Definitions for ribosomeˈraɪ bəˌsoʊm

This page provides all possible meanings and translations of the word ribosome

Random House Webster's College Dictionary

ri•bo•someˈraɪ bəˌsoʊm(n.)

  1. a tiny, mitten-shaped organelle occurring in great numbers in the cell cytoplasm and functioning as the site of protein manufacture.

    Category: Cell Biology

Origin of ribosome:

1958

ri`bo•so′mal(adj.)

Princeton's WordNet

  1. ribosome(noun)

    an organelle in the cytoplasm of a living cell; they attach to mRNA and move down it one codon at a time and then stop until tRNA brings the required amino acid; when it reaches a stop codon it falls apart and releases the completed protein molecule for use by the cell

    "the ribosome is the site of protein synthesis"

Wiktionary

  1. ribosome(Noun)

    Small organelles found in all cells; involved in the production of proteins by translating messenger RNA.

Freebase

  1. Ribosome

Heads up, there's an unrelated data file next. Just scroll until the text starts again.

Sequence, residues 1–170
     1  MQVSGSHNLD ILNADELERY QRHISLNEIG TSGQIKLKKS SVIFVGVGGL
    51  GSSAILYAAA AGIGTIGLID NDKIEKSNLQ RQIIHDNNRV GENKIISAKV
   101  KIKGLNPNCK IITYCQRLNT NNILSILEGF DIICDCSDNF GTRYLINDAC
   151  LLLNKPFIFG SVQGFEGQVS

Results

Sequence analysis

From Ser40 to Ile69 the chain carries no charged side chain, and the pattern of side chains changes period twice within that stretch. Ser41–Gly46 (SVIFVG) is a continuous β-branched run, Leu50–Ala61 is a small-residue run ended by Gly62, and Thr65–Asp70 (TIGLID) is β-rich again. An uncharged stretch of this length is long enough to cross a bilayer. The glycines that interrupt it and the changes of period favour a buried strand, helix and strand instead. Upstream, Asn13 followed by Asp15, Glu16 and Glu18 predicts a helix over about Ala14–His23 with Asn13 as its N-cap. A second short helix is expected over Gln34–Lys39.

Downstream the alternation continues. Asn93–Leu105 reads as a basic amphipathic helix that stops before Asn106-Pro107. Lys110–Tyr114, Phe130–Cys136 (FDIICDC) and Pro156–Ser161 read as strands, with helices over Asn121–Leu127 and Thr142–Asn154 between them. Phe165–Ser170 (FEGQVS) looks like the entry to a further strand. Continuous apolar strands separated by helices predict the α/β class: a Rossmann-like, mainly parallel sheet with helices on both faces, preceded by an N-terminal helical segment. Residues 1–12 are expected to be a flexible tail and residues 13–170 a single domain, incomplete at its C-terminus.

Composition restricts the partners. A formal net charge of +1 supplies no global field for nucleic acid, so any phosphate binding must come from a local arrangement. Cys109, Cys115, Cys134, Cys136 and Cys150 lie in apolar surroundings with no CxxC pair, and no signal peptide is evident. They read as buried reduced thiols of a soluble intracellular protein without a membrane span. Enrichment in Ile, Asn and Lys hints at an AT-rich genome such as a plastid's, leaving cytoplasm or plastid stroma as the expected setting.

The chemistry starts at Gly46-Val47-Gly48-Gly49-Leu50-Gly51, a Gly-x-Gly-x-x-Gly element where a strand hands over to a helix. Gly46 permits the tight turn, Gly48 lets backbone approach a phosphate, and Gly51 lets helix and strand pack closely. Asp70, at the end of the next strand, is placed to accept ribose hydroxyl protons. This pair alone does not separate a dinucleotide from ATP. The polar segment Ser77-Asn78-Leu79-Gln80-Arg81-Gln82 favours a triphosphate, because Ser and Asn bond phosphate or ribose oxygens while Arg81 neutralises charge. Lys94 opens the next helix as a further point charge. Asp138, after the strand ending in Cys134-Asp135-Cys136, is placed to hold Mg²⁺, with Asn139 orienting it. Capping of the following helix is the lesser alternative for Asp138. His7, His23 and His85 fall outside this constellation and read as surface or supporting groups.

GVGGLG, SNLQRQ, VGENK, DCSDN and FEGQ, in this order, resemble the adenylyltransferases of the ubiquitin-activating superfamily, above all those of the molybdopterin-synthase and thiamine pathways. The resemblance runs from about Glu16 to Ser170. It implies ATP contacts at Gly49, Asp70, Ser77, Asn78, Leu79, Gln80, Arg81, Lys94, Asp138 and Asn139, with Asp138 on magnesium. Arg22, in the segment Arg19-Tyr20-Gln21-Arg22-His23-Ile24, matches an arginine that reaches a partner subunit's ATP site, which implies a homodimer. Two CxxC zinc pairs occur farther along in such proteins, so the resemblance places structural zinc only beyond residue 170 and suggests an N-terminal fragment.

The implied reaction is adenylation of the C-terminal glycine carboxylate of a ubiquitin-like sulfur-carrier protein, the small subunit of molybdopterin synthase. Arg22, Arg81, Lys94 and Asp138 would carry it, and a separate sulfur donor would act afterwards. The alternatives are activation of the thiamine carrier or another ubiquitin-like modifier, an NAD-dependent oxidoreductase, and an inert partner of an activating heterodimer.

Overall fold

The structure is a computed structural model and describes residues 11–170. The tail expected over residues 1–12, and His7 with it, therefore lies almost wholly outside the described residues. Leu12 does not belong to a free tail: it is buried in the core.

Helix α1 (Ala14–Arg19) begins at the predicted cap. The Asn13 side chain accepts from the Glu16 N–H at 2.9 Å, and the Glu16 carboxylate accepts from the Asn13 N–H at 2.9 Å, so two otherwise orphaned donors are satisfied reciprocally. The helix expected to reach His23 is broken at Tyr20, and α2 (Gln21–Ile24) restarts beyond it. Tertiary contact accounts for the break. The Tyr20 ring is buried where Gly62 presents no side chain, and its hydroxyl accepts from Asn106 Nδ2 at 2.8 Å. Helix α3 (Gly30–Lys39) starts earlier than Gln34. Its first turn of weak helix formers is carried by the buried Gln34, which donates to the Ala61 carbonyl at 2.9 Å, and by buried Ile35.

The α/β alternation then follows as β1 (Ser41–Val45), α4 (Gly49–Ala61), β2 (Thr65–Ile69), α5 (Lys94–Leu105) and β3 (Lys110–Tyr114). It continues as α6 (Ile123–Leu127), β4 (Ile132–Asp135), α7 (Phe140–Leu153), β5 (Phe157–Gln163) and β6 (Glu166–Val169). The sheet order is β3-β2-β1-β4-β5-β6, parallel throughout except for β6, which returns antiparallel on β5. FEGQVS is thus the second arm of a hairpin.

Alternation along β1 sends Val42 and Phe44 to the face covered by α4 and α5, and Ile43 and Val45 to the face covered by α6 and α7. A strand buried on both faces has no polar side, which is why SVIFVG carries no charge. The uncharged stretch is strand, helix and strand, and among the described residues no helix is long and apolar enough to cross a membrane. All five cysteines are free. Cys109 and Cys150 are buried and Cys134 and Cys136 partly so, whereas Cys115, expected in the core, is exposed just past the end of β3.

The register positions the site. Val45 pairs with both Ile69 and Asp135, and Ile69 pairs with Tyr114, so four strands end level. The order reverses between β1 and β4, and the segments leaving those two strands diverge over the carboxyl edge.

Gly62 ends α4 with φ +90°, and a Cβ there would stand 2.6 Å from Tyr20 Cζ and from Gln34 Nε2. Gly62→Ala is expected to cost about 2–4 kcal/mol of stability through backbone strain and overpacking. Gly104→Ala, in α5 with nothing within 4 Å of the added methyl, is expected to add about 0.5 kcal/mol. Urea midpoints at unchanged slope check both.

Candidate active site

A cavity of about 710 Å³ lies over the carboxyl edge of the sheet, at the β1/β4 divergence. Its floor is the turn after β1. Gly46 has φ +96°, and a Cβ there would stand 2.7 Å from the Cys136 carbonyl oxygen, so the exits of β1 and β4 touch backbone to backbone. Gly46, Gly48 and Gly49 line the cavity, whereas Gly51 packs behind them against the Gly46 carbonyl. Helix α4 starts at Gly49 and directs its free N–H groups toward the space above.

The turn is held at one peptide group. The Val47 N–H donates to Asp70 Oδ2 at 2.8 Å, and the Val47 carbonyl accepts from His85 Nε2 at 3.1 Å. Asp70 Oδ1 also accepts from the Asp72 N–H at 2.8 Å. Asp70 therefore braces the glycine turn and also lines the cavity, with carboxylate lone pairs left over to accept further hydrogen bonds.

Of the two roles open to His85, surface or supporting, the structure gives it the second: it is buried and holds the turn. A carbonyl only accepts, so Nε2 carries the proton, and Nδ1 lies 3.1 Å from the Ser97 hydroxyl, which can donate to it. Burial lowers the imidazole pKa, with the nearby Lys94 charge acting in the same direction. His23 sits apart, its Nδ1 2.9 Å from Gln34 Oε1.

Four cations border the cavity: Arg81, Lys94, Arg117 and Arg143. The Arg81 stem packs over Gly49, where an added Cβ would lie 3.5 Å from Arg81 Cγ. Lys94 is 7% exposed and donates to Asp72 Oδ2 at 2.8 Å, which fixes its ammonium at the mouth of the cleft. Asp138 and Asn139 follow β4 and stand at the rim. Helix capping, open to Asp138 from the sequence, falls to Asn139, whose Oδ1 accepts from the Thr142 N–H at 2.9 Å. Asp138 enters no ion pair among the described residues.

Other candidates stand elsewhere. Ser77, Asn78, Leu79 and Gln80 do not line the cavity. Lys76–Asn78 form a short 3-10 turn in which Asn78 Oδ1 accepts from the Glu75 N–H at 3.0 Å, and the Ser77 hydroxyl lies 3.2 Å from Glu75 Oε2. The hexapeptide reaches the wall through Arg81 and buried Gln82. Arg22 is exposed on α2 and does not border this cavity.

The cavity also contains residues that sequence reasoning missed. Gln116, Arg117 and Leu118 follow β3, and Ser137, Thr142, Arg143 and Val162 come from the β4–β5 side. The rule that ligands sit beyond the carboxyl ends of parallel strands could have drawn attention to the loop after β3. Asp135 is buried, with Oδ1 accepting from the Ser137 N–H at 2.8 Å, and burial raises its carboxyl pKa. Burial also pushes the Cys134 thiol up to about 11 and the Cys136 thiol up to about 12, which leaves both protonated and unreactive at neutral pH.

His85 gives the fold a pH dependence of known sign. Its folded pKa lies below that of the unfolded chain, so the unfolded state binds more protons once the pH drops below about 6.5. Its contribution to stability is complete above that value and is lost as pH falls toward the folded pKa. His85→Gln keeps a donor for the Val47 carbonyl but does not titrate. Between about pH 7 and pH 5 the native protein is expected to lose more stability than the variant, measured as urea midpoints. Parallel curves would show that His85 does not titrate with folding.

The ribosome is a large and complex molecular machine, found within all living cells, that serves as the primary site of biological protein synthesis. Ribosomes link amino acids together in the order specified by messenger RNA molecules. Ribosomes consist of two major subunits—the small ribosomal subunit reads the mRNA, while the large subunit joins amino acids to form a polypeptide chain. Each subunit is composed of one or more ribosomal RNA molecules and a variety of proteins. The sequence of DNA encoding for a protein may be copied many times into messenger RNA chains of a similar sequence. Ribosomes can bind to an mRNA chain and use it as a template for determining the correct sequence of amino acids in a particular protein. Amino acids are selected, collected and carried to the ribosome by transfer RNA, which enter one part of the ribosome and bind to the messenger RNA chain. The attached amino acids are then linked together by another part of the ribosome. Once the protein is produced, it can then 'fold' to produce a specific functional three-dimensional structure. A ribosome is made from complexes of RNAs and proteins and is therefore a ribonucleoprotein. Each ribosome is divided into two subunits: the smaller subunit binds to the mRNA pattern, while the larger subunit binds to the tRNA and the amino acids. When a ribosome finishes reading an mRNA molecule, these two subunits split apart. Ribosomes are ribozymes, because the catalytic peptidyl transferase activity that links amino acids together is performed by the ribosomal RNA.

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